US Space Command confirmed first meteor from outside solar system hit Earth
An asteroid is a rocky object in space that is smaller than a planet. Meteoroids are space rocks that are smaller than asteroids and can range from the size of a grain of dust to a large boulder. When a meteoroid enters Earth's atmosphere and burns up, it becomes a meteor. Larger meteoroids can sometimes survive the passage through Earth's atmosphere before completely burning up and scatter debris that makes it to the planet's surface. When this happens, they become meteorites. With these definitions established, the U.S. Space Command confirmed that a 2014 meteor was the first recorded interstellar object to enter Earth's atmosphere.
In October 2017, scientists discovered what was believed to be the first interstellar object to enter our solar system. The object, named 1I/'Oumuamua, was about 400 meters long and likened in shape to a fire extinguisher. While the origin of the unique object was most likely from outside the solar system, Dr. Amir Siraj and Dr. Abraham Loeb of the Department of Astronomy at Harvard University determined that an earlier meteor was actually the first interstellar object in our solar system.
In 2014, a meteor designated CNEOS 2014-01-08 streaked across the sky near Manus Island, Papua New Guinea. At only 1 meter across, the meteor mostly burned up with very few meteorites scattering over the Pacific Ocean. The meteor was observed and added to a public database by NASA and the DOD. After eight months of studying 'Oumuamua, Siraj and Loeb looked into this database and realized that the 2014 Manus Island meteor could be an even earlier interstellar object.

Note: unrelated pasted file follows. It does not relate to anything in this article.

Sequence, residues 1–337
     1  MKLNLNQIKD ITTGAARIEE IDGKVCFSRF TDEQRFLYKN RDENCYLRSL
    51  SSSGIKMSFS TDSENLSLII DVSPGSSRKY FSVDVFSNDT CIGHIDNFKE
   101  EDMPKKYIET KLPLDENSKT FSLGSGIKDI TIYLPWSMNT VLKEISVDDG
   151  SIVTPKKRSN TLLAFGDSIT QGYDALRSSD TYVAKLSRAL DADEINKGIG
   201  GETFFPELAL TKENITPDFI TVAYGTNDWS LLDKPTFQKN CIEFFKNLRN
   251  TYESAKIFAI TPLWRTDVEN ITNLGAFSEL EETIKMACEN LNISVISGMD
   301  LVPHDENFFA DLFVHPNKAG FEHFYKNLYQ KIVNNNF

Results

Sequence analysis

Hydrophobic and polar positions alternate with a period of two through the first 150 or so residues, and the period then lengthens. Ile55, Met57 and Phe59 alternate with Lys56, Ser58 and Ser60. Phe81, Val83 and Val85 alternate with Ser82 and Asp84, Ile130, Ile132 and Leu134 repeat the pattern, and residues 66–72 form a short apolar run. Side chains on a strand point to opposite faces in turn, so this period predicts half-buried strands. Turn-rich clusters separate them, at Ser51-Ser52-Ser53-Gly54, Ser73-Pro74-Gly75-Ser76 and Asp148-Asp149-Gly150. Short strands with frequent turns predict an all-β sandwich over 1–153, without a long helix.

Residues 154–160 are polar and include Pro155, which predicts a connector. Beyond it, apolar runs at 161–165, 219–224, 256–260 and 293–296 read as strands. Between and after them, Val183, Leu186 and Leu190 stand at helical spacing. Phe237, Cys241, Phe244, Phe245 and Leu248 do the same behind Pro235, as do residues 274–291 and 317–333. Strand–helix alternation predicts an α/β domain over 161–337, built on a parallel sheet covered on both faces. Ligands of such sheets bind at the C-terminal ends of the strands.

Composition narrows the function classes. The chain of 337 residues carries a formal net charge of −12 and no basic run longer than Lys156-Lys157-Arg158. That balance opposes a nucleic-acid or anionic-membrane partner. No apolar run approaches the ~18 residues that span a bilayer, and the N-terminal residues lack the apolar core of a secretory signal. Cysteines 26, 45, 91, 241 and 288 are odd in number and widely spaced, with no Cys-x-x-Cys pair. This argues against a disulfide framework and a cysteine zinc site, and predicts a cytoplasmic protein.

Based on scientific research, a celestial object traveling faster than 42 kilometers per hour may have originated from outside the solar system. With the 2014 Manus Island meteor hitting the Earth's atmosphere at around 45 kilometers per second, Siraj and Loeb were confident about their finding. Certainty was increased after the duo conferred with other scientists. However, the accuracy of the government-collected data could only confirmed by an anonymous source through a private conversation. To make their finding official, Siraj and Loeb needed an official memo.
In 2022, the scientists got the official recognition they were seeking. On March 1, US Space Force Deputy Commander Lt. Gen. John E. Shaw signed a memo addressed to NASA confirming Siraj and Loeb's findings. The memo was also signed by Dr. Joel Mozer, Chief Scientist of the Space Force's Space Operations Command. "I had the pleasure of signing a memo with @ussfspoc’s Chief Scientist, Dr. Mozer, to confirm that a previously-detected interstellar object was indeed an interstellar object, a confirmation that assisted the broader astronomical community," read a tweet by US Space Command.